This article are provided for information purposes only, and are not intended as legal advice.

When should you buy a business if interest rates go up, now or later?

April 15th, 2010

You have been looking to buy a business and have not been able to find one for a long time.  What do you do – what until prices come down or buy a business now?  I tell investors that if you are buying your first business, it often takes twelve months before you close your first transaction.  Why so long?  At first, you do not know what you want, you look for several months to find out what is out there.  Then you negotiate, put together a letter of intent, that can take 2 weeks to agree to terms, then you need 2 weeks to do  the due diligence, then it takes 2 to 3 weeks for the lawyer to prepare the purchase and sale agreement.  Basically, once you find the right business, it takes 6 weeks to 2 months or more to close the transaction.


If you have been looking for a business and finally find one, buy it now because it could have taken you months to find it or for some a year or longer.  Do you wait to see if the price will come down?  You can make an offer based on what you believe is the current fair market value.  Since businesses are so difficult to find, when you find the opportunity, you take advantage of that.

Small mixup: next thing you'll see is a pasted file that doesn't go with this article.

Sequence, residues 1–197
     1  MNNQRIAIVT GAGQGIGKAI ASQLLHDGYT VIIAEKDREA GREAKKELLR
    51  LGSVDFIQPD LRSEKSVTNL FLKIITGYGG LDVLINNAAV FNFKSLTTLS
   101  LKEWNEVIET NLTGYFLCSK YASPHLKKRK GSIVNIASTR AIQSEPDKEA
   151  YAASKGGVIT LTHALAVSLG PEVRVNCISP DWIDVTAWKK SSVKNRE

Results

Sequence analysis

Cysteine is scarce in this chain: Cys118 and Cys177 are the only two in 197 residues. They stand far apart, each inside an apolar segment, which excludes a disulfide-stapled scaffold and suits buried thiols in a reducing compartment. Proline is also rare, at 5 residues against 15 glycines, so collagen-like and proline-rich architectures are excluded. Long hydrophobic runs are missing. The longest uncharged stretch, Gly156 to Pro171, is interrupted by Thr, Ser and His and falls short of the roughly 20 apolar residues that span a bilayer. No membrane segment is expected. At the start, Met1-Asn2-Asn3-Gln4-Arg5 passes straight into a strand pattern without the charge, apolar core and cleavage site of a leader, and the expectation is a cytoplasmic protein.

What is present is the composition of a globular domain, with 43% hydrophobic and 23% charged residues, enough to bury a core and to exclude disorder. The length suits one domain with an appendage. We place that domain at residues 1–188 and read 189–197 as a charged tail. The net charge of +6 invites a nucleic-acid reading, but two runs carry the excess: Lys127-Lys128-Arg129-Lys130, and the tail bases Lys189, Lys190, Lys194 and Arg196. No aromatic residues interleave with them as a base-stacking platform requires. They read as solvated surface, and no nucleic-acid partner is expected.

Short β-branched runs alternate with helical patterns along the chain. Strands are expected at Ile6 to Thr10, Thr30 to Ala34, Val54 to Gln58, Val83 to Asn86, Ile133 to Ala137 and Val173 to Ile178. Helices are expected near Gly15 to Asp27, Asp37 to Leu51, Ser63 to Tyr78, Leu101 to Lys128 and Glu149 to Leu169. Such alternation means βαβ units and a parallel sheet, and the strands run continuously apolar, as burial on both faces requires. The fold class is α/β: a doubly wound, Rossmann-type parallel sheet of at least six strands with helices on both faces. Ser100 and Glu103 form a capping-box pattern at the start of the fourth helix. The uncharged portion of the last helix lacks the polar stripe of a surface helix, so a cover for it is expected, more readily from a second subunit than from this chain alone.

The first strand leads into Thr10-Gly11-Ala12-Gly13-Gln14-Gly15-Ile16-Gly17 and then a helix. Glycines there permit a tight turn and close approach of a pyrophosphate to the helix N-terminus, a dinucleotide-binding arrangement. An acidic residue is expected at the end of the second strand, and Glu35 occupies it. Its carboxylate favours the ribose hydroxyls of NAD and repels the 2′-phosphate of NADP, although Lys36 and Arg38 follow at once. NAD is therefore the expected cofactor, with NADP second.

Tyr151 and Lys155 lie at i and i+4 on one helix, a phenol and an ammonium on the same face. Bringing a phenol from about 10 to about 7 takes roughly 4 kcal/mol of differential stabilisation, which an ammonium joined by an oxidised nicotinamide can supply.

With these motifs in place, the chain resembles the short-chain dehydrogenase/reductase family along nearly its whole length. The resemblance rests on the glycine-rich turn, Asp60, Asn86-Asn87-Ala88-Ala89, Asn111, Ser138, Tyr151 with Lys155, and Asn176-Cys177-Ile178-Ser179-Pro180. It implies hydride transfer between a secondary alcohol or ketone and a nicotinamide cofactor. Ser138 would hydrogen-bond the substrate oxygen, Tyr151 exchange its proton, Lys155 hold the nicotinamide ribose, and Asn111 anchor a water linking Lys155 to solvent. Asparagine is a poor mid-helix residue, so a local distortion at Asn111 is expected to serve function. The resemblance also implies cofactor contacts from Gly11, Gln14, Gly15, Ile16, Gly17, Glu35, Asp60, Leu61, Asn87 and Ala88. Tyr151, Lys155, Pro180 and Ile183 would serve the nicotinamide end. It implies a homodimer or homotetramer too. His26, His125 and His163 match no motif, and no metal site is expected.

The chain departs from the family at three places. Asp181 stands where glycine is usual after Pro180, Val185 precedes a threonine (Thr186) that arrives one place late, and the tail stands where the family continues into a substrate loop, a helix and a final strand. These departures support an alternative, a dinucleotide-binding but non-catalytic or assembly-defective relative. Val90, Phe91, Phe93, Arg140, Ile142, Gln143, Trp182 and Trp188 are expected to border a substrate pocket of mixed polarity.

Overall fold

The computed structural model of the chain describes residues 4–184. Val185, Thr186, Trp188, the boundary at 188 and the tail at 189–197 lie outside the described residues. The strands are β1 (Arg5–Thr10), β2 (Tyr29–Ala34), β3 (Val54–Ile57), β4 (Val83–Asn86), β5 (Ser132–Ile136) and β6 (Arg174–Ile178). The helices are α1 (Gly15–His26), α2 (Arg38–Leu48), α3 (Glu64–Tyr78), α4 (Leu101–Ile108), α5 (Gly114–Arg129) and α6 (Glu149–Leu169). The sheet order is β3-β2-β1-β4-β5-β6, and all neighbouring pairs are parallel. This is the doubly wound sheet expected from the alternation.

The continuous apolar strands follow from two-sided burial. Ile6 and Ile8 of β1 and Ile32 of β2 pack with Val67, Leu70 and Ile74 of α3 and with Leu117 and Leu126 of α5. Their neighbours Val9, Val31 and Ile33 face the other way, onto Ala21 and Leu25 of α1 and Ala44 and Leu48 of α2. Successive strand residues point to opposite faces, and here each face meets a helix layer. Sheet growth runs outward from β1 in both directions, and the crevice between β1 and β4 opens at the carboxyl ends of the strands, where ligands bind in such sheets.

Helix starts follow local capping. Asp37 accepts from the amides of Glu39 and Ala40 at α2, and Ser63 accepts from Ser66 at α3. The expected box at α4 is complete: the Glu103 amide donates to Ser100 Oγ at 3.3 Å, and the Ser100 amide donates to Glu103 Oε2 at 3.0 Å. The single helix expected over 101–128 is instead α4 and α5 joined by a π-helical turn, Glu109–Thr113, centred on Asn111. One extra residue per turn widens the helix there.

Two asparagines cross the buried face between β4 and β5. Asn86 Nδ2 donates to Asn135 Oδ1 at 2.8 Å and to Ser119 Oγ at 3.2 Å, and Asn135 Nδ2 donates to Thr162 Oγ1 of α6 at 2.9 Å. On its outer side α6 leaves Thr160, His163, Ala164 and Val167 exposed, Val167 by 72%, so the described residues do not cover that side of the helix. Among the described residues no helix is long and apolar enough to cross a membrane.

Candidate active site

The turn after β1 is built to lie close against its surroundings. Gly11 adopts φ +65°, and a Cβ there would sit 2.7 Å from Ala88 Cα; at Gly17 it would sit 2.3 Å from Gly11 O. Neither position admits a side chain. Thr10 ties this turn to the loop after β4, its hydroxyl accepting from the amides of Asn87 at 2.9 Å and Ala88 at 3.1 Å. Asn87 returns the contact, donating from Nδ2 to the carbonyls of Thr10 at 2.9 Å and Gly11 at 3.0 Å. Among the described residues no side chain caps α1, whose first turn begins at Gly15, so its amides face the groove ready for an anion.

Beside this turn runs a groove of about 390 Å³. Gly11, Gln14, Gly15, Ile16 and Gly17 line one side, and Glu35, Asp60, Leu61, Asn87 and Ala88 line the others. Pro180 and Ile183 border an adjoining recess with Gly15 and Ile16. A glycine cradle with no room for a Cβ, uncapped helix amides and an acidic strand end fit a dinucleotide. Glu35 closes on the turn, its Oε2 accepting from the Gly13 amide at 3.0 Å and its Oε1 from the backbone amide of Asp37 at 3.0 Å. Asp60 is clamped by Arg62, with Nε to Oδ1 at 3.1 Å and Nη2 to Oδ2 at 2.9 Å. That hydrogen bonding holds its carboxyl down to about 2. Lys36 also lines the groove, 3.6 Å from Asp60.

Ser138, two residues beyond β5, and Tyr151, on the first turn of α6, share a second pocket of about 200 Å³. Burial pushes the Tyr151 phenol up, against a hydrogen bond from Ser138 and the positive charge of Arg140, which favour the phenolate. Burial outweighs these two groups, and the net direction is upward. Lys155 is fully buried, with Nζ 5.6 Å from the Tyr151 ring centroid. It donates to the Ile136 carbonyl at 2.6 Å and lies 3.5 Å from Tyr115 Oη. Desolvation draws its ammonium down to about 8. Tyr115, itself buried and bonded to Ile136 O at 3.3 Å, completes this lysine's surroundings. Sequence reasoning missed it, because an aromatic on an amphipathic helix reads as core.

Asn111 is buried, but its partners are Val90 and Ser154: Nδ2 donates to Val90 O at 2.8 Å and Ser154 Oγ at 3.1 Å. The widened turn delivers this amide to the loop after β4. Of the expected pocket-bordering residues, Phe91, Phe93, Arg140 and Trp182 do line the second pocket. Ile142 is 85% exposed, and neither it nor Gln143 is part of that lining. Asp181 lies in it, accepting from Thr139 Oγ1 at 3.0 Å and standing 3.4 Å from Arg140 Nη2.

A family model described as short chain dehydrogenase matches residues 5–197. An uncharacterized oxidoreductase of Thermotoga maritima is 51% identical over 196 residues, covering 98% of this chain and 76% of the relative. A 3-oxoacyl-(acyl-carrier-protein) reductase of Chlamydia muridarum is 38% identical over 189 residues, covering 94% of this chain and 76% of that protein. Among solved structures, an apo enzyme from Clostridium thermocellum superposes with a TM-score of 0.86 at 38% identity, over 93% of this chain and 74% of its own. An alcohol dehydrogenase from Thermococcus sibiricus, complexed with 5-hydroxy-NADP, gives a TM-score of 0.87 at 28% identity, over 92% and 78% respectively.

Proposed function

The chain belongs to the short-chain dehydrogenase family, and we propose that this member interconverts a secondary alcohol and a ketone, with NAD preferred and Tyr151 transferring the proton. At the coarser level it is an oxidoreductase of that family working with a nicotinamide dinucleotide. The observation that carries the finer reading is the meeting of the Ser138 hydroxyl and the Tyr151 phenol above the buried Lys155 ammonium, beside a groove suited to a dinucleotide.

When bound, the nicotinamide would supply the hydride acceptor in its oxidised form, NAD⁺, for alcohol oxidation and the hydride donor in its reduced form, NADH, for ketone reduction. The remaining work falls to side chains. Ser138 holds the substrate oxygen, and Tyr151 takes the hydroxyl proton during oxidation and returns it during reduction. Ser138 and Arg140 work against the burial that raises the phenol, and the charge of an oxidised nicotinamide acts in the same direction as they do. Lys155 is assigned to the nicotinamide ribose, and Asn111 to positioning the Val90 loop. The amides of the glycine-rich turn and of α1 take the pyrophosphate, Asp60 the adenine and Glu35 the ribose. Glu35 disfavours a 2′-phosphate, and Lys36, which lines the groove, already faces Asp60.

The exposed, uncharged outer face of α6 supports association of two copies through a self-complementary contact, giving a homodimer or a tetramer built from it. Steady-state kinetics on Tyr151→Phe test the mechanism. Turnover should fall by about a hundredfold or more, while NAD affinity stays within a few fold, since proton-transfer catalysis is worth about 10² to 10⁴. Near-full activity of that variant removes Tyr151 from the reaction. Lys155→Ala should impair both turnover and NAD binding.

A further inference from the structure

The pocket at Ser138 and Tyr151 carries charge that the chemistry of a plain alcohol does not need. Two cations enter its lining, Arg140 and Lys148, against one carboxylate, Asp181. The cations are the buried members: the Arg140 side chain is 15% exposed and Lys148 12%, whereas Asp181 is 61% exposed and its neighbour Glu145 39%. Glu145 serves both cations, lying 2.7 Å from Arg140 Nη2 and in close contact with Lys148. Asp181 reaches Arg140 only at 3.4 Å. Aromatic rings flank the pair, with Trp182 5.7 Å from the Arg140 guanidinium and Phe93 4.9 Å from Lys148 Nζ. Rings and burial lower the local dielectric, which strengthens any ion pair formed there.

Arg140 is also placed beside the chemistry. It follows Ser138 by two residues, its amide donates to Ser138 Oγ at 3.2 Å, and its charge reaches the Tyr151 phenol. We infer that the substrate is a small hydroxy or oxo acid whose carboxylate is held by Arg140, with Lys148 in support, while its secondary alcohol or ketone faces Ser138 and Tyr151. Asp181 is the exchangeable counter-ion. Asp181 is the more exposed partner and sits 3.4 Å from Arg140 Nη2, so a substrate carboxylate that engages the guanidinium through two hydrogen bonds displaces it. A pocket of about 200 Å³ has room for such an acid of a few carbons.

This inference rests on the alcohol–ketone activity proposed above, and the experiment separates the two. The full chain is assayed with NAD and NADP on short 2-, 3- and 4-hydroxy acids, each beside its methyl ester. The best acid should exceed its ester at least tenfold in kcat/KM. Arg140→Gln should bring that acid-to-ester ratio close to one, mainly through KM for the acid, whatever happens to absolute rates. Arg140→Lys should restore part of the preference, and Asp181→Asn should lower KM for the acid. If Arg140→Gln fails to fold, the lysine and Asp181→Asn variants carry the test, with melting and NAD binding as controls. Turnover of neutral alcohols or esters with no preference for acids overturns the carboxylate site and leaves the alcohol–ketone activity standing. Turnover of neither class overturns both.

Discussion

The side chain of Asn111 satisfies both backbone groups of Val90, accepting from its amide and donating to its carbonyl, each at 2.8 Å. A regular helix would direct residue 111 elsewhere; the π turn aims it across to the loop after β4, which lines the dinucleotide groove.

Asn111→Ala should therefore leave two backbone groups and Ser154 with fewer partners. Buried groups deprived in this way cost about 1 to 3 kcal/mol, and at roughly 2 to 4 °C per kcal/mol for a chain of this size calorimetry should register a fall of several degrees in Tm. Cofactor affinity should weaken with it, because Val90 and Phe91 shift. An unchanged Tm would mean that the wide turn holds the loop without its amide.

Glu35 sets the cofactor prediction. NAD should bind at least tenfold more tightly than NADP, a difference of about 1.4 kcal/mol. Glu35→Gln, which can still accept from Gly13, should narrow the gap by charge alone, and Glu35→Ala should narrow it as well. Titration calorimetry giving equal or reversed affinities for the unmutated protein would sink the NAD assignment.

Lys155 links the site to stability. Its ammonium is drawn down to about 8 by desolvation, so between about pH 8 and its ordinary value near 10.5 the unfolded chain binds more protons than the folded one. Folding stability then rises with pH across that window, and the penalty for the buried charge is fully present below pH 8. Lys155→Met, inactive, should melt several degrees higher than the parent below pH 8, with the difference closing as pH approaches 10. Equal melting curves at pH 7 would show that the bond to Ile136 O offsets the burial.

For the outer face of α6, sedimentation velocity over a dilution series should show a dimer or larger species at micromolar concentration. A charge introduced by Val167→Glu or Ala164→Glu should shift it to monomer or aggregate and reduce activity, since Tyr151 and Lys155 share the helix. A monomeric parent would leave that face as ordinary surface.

Many people when they start to look for a business do not know what they want to buy, they often know what they do not want to buy and that is why it takes so long to find a business because they do not know the business that they want to buy.  The hardest thing to do is find the right business for you.  Then you need to look at what the business is worth to you.  If you know that interest rates are climbing or the appreciation of the Canadian dollars will have an impact on profitability, you factor that into the purchase price that you offer to buy the business.  You may want to explain to the seller of the business why you offered that price so that they can understand why you did not offer the asking price of the business.  If they realize that what you said makes sense, they may accept your lower offer.  if they believe that you just low balled the price to steal the business, then they will not want to work with you to sell the business to you.  You do not want to insult the seller of the business but you want them to understand your valuation.  if they realize that they never considered  those issues, then maybe they will listen and work with you to consummate the purchase of their business.

Filed under: Buying a business — Gary Landa @ 9:31 am

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